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The virtual mangrove tour has been developed by researchers in the Birmingham Institute of Forest Research (BIFoR) and was filmed in the Jebel Ali Mangrove, near Dubai. It sits alongside existing free education resources which bring the effect of elevated CO2 on a UK oak forest directly into the classroom.

Users can visit the resources by clicking on links in the interactive 360 degree environment or using a VR (virtual reality) headset. They can find out how mangroves, found on tropical shorelines around the world, are different from the UK oak forest. In particular, how they have adapted to live in hot, salty environments where drought, storms, and poor soil conditions can all present significant challenges.

The tour also highlights how mangroves help us and our natural environment, providing a buffer from the effects of storms, improving water quality by filtering out harmful particles and protecting the environment – as well as capturing and storing CO2.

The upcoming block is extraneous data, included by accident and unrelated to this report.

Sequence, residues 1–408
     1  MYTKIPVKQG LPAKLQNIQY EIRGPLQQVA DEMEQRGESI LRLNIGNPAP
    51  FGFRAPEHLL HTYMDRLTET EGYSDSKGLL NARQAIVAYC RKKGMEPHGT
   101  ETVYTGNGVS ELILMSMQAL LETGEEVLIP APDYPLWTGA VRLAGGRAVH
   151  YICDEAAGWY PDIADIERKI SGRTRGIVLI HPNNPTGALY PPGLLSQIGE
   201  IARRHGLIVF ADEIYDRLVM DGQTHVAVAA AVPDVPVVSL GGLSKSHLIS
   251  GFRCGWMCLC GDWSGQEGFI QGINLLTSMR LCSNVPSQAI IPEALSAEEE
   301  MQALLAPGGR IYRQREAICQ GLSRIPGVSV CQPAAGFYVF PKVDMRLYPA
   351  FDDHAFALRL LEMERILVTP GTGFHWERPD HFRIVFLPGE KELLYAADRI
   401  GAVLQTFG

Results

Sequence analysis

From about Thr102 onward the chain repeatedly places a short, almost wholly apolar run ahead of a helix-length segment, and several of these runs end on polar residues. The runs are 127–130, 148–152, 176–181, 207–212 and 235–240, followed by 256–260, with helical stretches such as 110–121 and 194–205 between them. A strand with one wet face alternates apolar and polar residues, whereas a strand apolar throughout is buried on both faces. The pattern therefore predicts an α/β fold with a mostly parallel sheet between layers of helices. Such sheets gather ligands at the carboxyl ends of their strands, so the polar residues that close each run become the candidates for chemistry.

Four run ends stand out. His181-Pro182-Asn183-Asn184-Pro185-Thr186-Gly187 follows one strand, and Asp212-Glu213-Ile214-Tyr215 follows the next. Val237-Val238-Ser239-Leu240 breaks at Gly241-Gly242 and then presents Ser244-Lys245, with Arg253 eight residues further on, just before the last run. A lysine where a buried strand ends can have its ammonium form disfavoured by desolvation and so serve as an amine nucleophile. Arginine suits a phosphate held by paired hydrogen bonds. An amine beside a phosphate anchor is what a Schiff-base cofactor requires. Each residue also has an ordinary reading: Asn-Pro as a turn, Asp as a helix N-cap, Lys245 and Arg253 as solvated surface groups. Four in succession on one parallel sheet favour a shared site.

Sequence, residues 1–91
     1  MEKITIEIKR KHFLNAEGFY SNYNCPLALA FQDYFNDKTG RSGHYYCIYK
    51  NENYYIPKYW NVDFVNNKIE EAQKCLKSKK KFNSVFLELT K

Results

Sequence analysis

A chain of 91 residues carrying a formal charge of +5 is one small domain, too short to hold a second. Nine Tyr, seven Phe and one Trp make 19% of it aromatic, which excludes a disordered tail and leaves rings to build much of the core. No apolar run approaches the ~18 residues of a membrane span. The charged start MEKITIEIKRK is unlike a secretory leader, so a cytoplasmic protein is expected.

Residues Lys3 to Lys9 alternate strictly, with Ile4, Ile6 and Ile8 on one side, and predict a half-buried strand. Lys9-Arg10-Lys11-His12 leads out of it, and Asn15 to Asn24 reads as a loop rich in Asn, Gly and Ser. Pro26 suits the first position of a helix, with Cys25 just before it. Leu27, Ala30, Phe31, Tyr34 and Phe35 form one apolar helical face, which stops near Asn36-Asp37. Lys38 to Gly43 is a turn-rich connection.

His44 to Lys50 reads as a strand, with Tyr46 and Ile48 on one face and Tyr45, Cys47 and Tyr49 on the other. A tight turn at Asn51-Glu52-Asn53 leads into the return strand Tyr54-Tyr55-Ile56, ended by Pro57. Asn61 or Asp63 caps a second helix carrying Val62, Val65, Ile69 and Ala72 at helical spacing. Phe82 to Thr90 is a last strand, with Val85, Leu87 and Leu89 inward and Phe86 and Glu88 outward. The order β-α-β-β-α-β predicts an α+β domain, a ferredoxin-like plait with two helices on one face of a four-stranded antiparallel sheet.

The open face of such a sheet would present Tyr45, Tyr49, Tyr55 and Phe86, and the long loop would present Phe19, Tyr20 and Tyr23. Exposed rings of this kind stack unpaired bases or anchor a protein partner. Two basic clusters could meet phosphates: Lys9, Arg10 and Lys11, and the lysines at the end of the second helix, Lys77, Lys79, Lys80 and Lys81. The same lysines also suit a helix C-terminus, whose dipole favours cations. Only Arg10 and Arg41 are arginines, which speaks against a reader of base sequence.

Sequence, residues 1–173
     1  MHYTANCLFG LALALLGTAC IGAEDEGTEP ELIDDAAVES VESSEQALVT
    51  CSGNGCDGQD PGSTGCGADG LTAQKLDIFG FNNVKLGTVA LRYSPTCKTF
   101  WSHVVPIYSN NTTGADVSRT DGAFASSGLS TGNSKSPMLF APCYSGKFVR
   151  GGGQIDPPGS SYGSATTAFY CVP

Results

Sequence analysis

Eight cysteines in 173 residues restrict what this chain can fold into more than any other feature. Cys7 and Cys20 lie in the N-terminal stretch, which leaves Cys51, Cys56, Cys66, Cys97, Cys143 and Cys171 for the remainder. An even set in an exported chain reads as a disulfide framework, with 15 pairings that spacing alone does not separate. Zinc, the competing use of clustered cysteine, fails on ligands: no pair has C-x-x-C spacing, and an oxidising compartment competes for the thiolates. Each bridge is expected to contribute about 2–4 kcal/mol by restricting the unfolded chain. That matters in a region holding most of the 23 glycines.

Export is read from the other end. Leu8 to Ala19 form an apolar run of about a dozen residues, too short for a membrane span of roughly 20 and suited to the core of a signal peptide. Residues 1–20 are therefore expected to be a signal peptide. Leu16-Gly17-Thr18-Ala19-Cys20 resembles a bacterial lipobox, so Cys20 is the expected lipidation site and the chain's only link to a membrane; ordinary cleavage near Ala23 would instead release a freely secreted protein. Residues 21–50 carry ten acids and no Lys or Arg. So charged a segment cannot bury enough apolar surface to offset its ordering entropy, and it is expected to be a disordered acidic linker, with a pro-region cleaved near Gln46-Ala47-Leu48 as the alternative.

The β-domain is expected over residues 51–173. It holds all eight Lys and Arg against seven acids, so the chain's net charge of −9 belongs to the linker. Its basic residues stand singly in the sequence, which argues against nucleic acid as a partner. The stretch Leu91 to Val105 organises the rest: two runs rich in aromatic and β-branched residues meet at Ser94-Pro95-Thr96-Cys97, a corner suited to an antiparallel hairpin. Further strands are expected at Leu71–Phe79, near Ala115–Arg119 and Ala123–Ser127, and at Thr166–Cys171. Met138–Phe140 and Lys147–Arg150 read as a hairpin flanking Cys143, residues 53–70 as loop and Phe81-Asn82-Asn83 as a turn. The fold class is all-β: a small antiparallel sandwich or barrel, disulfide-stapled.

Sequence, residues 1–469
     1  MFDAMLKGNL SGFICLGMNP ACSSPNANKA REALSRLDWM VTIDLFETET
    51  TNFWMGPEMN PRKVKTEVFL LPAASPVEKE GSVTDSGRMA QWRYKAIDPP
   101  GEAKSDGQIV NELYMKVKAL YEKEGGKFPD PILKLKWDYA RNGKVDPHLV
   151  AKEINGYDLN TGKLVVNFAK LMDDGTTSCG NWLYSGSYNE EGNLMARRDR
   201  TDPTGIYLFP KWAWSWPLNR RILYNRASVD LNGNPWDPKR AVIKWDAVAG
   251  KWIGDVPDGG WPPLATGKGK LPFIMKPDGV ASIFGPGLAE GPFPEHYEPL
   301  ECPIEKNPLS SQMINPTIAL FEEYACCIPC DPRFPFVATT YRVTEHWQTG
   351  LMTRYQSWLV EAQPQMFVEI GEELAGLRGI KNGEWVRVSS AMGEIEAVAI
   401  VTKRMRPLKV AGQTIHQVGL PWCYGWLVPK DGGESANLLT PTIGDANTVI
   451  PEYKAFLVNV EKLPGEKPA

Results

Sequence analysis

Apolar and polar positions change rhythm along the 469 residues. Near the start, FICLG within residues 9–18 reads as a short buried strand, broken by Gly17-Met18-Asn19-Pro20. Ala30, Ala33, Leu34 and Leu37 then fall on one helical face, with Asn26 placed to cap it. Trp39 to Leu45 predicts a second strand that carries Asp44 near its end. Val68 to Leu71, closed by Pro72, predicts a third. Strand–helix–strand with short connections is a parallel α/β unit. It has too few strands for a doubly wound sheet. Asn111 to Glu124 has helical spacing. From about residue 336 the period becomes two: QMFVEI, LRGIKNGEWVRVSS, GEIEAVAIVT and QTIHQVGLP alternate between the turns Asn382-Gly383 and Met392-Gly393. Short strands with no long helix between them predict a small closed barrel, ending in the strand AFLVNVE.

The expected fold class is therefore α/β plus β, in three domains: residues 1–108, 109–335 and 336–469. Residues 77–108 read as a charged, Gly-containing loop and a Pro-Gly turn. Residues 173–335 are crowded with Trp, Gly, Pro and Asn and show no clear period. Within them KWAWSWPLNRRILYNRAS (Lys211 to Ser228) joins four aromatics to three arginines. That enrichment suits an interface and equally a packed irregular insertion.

Professor Jeremy Pritchard, Director of Education for BIFoR, said: “Mangroves are at risk from increasing sea levels and coastal development, as well as agricultural and industrial activities. These environments form an important part of the Geography and Biology curriculum in the UK and we hope that these resources will offer teachers a new route into exploring them and the climate change threats that they face.”

Mangroves form an important part of the Geography and Biology curriculum in the UK and we hope that these resources will offer teachers a new route into exploring the them and the climate change threats that they face.

Professor Jeremy Pritchard, Director of Education, Birmingham Institute of Forest Research

The resource is based on the Institute’s successful Virtual BIFoR tour, which invites students to explore the Free-Air Carbon Enrichment experiment which the University has been running since 2017. This huge outdoor experiment is measuring how a traditional mature oak forest responds to increased CO2 levels, simulating the atmosphere we are predicted to have in 2050.

Dr Samantha Dobbie, BIFoR’s Education and Outreach Officer, said: “Both the BIFoR virtual tour and the mangrove tour help school students to really engage with different environments outside the classroom. By offering an immersive experience we’re also providing a different perspective on climate change issues which we hope will inspire the next generation of plant scientists – and climate-aware citizens.”